If casual dining is the most challenged segment in the industry, BJ’s Restaurants Inc. isn’t familiar.
The Huntington Beach, Calif.-based chain, which serves a vast menu of deep-dish pizzas, pastas and roasted meats, saw same-store sales grow 4.5% for the fourth quarter ended Jan. 1. That’s up from 1.6% from the same quarter last year.
Customer visits increased 1.1%, the fifth consecutive quarter of positive traffic for the company.
For the year, comparable restaurant sales increased 5.3%.
“Keeping our concept fresh and contemporary has always been one of the keys to our long-term success,” CEO Greg Trojan said during a conference call with investors.
Specifically, Trojan said the company’s strong yearly performance was driven by its wide-ranging menu offerings that offer “better value for our guests” such as its daily brewhouse specials and happy hour.
Off premise sales are also giving the brand a lift. For the quarter, off-premise sales represented about 9.5% of revenue, the company said.
But recent bad weather across the country, especially in its core California market, has led to a soft start to 2019.
“Los Angeles has received more rain in the first 45 days of 2019 than it received in the entire year of 2018,” CFO Greg Levin said.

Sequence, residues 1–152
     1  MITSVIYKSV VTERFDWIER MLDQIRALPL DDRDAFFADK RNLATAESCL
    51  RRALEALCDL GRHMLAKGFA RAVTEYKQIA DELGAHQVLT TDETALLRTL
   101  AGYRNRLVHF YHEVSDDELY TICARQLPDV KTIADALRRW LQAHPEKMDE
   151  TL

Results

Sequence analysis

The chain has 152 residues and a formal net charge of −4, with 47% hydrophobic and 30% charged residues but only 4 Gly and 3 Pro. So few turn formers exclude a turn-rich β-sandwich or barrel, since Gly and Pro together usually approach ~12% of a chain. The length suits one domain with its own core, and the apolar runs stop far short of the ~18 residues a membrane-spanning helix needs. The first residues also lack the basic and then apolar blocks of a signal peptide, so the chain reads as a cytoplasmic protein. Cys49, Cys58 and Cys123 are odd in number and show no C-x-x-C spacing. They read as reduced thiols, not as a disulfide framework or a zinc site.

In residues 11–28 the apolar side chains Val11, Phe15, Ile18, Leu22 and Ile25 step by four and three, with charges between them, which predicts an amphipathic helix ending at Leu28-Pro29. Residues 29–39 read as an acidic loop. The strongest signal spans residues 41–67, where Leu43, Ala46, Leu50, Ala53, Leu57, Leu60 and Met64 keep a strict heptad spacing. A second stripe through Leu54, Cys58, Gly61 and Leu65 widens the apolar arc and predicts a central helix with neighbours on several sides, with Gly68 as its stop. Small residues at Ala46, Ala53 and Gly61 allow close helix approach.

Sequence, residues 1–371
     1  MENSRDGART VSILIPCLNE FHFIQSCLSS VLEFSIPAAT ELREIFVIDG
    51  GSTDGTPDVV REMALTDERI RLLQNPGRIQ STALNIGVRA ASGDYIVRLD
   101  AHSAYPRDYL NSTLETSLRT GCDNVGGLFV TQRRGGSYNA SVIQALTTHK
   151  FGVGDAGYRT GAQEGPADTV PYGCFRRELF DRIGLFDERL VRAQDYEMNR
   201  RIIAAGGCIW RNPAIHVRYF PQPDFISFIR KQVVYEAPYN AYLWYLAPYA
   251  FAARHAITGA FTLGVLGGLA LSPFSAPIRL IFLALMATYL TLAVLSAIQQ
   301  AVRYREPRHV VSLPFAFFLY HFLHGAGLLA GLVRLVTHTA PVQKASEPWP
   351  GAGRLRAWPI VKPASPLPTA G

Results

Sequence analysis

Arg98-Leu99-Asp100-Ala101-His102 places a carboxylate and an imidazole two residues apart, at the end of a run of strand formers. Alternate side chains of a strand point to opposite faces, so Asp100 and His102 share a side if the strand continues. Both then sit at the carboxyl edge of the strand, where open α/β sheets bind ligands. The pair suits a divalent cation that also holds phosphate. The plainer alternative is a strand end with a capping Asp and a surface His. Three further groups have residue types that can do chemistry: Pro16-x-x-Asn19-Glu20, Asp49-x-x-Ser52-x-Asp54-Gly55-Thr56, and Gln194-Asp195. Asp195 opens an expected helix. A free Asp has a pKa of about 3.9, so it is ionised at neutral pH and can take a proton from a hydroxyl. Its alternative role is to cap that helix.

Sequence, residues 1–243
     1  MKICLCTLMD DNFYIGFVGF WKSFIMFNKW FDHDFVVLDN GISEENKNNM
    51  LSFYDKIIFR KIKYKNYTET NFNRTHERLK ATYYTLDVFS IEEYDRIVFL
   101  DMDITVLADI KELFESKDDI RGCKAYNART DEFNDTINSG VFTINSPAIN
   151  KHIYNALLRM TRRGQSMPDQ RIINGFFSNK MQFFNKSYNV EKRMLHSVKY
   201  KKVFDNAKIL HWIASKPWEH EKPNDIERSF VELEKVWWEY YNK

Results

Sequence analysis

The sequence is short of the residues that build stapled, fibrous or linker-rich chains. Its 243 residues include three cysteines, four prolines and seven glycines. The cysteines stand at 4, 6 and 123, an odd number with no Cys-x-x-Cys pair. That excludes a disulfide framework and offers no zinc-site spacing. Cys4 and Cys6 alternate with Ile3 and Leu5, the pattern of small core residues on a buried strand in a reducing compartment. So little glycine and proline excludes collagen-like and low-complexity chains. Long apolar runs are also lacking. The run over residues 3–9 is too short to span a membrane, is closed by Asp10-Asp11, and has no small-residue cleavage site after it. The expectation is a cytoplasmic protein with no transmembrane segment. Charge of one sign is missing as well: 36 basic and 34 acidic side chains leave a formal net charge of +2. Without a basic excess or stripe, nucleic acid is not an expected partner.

Outside California, sales have been hurt by the Polar Vortex in the Midwest, unusually cold temperatures in the East and record snow levels in Washington state. Comparable sales at Oregon and Washington restaurants during the cold snap were down more than 40% in one weekend, the CFO said.
Higher levels of gift card bounce back promotions in January has also contributed to lower check averages, Levin said.
BJ’s expects a rebound as it introduces new items later this year including tri-tip sirloin. It will be added to the company’s premium slow roasted menu. The company is also seeing positive response to the recent introduction of zucchini noodles and a Moroccan chicken dish.
“I personally feel good about the [menu] initiatives we have in place,” Levin said.
Despite the soft start to 2019, Jeffries analyst Alexander Slagle said in a post conference report that BJ’s continues to have momentum. “The business is largely intact as key sales-driving initiatives continue to resonate with guests and drive solid traffic.”
Total revenue for the quarter grew 7.4% to $280.5 million.
The company reported net income of $10.7 million, or 49 cents per share, down from $23.5 million, or $1.12 per share, from the same quarter, last year. The company said the drop from 2017 was due to a one-time tax benefit of $15.7 million. When excluding the tax benefit, profit increased 37.3%, BJ’s said.
The company opened five restaurants in 2018, closing the year with 202 locations.
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